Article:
Writer-Activist Sadia Dehlvi On What Made Her Don The Chef’s Hat At 60
- IWB Post
- January 8, 2018
“At 60, I’ve found a new career and I’m having a lot of fun as a chef. I feel food is as much about memories as it is about spices, festivity, culture as well as love and compassion,” shared Sadia Dehlvi with Hindustan Times, talking about her recent tie-up with ITC to celebrate the Capital’s authentic cuisine over a six-day dinner buffet festival – Delhi Table spread.
A Delhi-based media person, activist, writer, Sadia is a columnist with Hindustan Times, and is also frequently published in Frontline, and in various Urdu, Hindi and English magazines. Popular for her critical views on radical interpretations of Islam, she calls for a pluralistic understanding of Islam. Though this time, it is not her political writings, but her newly donned chef’s hat that has got her in the spotlight.
“After finishing my cookbook (Jasmine and Jinns: Memories and Recipes of my Delhi) I felt the need to share recipes that are cooked in our homes and some things in particular to the community that I belong to, which is the Punjabi Saudagaran and they are a very isolated and insular community. These recipes need to be enjoyed and documented and a lot of youngsters in the community are not cooking these,” a concerned Sadia was quoted as saying.
Born in 1957, Sadia hails from the royal ‘Shama’ family of the capital, and takes great pride to have grown up in a culturally rich household. “My grandfather hosted glamorous and lavish banquets very often, and cooking and food played a central role our lives and culture.”
“We grew up entertaining film stars and literary figures because of Shama, our literary and film magazine. Our home was a stopover for film stars like Meena Kumari, Nargis, Raj Kapoor, Waheeda Rehman, Rakhi Gulzar, and Dharmendra to literary greats like Ismat Chughtai and Ainee Apa (or Qurratulain Hyder) and poets like Kaifi Azmi, Majrooh Sultanpuri and the like who would attend mehfils, mushairas and qawwalis at Shama Kothi. Now events have shifted to the auditoriums but in those days in Delhi mehfils were in people’s homes”, she revealed.
Not a foodie herself, when asked how she learnt cooking, she fondly spoke of her Apa Sayeeda and chaachis (paternal aunts), who got her friendly with the art, and also disclosed her mother’s disapproval for cooking. “She never cooked in her life and she doesn’t like me cooking, and thinks I waste my time. She always tells me ‘I haven’t educated you to work in the kitchen, only women with oppressive husbands cook well’.”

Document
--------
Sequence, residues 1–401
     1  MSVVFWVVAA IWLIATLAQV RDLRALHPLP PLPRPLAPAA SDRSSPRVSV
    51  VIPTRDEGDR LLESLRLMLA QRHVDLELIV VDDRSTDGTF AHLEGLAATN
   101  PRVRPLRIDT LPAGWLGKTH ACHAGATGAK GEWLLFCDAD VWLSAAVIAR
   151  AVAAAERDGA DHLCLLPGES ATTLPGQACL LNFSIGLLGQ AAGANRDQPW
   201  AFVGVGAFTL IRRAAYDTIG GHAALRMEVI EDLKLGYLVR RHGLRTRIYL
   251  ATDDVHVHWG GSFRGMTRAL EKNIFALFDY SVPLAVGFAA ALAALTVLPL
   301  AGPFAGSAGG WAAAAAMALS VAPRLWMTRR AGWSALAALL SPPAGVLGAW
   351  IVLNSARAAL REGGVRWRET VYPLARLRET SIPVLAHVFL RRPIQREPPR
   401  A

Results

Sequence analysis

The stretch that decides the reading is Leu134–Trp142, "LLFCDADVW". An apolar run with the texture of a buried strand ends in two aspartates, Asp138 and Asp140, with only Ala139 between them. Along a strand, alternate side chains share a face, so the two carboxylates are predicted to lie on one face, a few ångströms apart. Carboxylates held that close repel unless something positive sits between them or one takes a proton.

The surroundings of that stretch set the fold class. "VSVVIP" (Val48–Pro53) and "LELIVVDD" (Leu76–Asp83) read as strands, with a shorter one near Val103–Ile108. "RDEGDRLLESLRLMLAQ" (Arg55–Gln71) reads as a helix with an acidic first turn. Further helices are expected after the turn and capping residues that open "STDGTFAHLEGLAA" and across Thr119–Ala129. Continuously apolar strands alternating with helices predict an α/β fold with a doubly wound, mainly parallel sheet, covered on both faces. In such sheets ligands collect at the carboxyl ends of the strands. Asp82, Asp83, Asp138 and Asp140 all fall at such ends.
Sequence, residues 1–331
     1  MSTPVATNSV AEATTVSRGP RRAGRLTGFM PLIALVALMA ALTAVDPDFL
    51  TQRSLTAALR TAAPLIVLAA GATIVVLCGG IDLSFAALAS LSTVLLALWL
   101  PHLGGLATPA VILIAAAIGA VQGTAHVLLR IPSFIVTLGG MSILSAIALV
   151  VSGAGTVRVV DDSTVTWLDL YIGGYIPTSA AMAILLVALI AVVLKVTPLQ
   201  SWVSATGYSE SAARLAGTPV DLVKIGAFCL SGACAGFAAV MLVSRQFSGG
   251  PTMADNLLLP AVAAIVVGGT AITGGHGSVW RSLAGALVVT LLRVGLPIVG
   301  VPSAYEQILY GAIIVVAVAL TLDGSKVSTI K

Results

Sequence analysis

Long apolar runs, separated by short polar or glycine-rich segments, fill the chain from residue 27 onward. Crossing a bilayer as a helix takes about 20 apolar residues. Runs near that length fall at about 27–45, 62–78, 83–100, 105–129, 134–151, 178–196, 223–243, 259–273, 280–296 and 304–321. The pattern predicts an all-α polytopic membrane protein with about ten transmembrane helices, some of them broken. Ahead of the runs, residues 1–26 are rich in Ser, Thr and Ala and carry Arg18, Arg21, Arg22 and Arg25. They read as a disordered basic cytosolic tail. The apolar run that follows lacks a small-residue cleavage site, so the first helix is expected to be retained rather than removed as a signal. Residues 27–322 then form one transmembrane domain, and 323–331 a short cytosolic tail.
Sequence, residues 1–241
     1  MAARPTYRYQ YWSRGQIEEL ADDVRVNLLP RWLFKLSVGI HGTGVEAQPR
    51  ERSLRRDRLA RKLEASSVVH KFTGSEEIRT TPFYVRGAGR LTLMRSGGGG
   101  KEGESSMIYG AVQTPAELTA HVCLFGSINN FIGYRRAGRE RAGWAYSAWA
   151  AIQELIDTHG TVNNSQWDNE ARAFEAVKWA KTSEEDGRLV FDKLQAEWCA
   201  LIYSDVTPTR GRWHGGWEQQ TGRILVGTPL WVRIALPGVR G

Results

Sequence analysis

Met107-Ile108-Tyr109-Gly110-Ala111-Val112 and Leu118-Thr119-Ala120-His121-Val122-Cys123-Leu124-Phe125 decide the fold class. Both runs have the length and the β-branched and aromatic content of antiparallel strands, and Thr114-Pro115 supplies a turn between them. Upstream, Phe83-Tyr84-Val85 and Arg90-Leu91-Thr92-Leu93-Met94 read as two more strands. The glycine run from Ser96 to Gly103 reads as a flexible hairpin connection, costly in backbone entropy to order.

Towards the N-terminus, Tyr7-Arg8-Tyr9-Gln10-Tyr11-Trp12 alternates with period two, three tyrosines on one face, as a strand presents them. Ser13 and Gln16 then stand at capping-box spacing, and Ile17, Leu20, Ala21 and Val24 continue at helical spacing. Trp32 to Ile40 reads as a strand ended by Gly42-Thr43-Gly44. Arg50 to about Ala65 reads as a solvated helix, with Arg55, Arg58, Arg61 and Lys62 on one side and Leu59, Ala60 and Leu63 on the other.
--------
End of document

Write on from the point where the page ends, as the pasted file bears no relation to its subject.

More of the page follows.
But regardless, Sadia’s love for cooking led her to give it an important place in her life, and though her regular meals comprise of light salads, soups and fish or chicken, she enjoys feeding rich delicacies to people. The desire that eventually got the ITC festival her way. She approached ITC with her idea of showcasing Delhi cuisine, and wasting no time they asked her to start with Delhi Pavilion and do a food festival there.
“But what I didn’t realize was the hard work it involved. It wasn’t the quantities that rattle me – I have manned the kitchen for food festivals with IIC, and since I have hosted for mehfils and eid and bakra-eid dinners at home, I can easily cook for up to 100 people. What was challenging was the number of dishes that had to be prepared in a certain time, like six vegetarian, two mutton and one chicken-based dish along with things which are usually stand-alone like shabdeg, nehari, haleem and smoked kachri keema, which was the biggest hit.”
The eight-day festival featured starters like keema golis, chicken pasanda, and desserts ranging from regular shahi tukra to offbeat shakarkandi ki kheer and gajar bharta. And at her tiny station in the kitchen, Sadia cooked from 11 in the morning to 6:30 in the evening every day, taking breaks only for namaz and coffee. Dedication and determination of the level that only “passion” can make you meet!
And needless to say, Sadia doesn’t plan to take off the chef’s hat anytime soon, as she is now looking forward to doing similar food festivals every season. Way to go, masterchef!
H/T: Hindustan Times